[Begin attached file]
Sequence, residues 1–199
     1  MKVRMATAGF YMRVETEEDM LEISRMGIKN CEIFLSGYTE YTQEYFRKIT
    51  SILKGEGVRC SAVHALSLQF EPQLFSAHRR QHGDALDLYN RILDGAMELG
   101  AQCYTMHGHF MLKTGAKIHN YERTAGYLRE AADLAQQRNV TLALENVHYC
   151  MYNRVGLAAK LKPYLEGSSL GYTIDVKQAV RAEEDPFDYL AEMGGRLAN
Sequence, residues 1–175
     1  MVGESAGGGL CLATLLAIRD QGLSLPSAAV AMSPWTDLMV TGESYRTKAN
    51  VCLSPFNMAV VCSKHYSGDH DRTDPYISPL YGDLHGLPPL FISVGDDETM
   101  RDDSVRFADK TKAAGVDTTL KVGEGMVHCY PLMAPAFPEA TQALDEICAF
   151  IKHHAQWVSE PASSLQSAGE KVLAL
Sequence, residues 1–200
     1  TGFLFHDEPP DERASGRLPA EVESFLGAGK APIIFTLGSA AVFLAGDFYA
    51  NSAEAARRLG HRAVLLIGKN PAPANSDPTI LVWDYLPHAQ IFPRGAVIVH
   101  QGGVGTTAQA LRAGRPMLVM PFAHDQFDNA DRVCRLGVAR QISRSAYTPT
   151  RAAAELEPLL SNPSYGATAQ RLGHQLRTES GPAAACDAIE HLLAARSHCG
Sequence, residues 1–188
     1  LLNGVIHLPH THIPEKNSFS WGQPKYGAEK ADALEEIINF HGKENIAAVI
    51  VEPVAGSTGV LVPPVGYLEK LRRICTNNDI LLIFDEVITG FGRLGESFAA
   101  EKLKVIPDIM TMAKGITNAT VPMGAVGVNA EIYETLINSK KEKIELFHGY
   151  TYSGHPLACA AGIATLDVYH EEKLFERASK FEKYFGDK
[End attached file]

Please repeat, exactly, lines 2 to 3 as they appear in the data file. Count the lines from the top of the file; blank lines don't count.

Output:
     1  MKVRMATAGF YMRVETEEDM LEISRMGIKN CEIFLSGYTE YTQEYFRKIT
    51  SILKGEGVRC SAVHALSLQF EPQLFSAHRR QHGDALDLYN RILDGAMELG